The BMW 750i is the facelifted version of the BMW 7-series, a car that seems pretty invisible in the UK but which is actually the most popular 7 ever globally, over 200,000 have been sold so far, largely on the back of demand from Russia and China.
Engine and performance
You won’t be surprised to hear that BMW claims some dramatic improvement for the 7-series’s economy thanks to revised engine tuning – it’s claimed to be up use 25 percent less fuel than the outgoing model. The global engine range extends from the base 258bhp 730i all the way to the monstrous 544bhp 760i, powered by a twin-turbocharged V12. Diesel versions range from the basic 730d with 258bhp all the way to the new 750d xDrive, with 381bhp and standard four-wheel drive. All versions now have an eight-speed automatic gearbox.
Subscribe to evo magazine
Visual changes are limited to optional LED headlamps, a tweaked kidney grille that’s more upright, and even uglier than that of the previous 7.
What's it like to drive?
Impressively refined – but depressingly dull. BMW claims that the suspension has been tweaked for better bump control, but it still seems to struggle when asked to smother potholes and to keep sharp ridges from disturbing the cabin. The steering is merely a positional device that does nothing to inform you of what’s going on at the point of contact with the road.
The result is a car that you never feel like hustling along, despite impressive performance. BMW claims a 4.8-second 0-62mph time for the twin-turbo V8 in the 750i that we tested, and that certainly feels right from the driver’s seat. It’s not lacking in performance, but it is lacking in the sort of emotional appeal that used to make previous versions of the 7-series such interesting cars for those who wanted to drive themselves. After a day spent piloting the new 7 it’s hard not to conclude that this is a limousine that needs a chauffeur.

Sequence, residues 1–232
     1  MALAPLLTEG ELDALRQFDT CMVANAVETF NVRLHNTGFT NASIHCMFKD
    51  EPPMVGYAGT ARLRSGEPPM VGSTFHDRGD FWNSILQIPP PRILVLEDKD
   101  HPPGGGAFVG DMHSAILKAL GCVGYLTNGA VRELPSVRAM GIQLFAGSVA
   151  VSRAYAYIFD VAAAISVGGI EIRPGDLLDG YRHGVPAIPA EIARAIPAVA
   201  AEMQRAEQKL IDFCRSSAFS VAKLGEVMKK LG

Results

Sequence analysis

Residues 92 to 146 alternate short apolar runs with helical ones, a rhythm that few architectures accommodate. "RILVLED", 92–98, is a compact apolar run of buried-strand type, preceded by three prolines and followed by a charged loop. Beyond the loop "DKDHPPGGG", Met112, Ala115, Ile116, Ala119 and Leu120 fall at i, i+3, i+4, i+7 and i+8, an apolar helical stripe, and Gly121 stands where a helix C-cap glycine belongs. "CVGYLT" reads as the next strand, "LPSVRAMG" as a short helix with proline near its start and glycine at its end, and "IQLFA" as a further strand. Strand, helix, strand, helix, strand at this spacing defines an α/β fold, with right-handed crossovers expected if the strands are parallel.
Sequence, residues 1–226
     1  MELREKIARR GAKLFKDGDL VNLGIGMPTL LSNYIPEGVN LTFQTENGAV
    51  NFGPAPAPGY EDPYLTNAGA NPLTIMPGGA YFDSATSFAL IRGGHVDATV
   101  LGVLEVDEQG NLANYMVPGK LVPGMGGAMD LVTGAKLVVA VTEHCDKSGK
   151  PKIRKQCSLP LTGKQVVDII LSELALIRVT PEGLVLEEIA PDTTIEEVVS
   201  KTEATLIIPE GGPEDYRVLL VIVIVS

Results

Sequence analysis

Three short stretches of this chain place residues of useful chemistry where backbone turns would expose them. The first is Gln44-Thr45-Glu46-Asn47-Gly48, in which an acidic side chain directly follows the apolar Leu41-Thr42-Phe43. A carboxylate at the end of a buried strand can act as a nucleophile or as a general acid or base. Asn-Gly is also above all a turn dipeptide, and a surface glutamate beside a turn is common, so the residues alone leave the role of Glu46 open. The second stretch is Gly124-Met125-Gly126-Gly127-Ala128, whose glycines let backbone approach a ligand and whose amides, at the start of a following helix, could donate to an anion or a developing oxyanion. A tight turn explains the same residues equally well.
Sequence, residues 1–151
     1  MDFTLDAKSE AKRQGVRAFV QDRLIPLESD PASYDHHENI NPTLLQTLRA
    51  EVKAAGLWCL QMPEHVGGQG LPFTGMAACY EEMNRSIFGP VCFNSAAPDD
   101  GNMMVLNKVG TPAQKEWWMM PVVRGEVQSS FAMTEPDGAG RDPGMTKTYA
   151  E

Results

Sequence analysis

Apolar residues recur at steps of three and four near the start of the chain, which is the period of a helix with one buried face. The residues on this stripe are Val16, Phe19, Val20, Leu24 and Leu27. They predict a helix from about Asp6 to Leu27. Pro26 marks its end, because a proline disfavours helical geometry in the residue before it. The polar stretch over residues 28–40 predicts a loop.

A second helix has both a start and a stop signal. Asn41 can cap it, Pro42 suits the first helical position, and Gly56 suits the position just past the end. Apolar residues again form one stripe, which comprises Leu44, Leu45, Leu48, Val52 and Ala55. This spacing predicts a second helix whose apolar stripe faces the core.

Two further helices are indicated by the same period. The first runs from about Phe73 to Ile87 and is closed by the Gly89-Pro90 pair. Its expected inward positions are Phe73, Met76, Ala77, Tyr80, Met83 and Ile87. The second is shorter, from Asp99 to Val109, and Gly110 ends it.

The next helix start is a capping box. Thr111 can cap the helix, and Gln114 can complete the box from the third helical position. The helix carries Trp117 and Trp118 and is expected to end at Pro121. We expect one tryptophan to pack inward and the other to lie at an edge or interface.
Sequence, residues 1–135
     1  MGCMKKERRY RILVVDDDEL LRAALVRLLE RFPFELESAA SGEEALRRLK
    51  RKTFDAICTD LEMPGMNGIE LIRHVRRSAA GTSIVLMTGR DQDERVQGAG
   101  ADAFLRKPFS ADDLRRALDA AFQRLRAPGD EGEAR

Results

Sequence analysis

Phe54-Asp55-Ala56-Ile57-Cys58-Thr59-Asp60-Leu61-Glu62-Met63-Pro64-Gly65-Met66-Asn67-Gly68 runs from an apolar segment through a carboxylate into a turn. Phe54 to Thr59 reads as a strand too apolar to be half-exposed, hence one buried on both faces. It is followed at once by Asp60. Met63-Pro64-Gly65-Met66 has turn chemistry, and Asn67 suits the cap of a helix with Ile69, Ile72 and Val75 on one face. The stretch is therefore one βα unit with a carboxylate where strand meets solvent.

With the minimal sales of big petrol saloons in the UK, the 750i that we drove is unlikely to find itself compared with much else – Audi no longer offers a comparable petrol A8 and both the Mercedes S500 and Jaguar XJ Supersports sell in tiny numbers.
The diesel versions will be more relevant when they reach the UK, but almost certainly no more fun.
Price and release date
For the particularly paranoid there’s a ‘high security’ 760i which features armour plating and weighs 4.2 tonnes, yet can still accelerate from 0-62mph in just 6.2-secs. At €350,000 before taxes it’s the most expensive car that BMW currently sells.
|Engine||4395cc V8 petrol, twin-turbocharged|
|Max power||449bhp @ 6500rpm|
|Max torque||479lb ft @ 3500rpm|
|0-60||4.8-secs (claimed 0-62mph)|
|Top speed||155mph (electronically limited)|
|On sale||July 2012|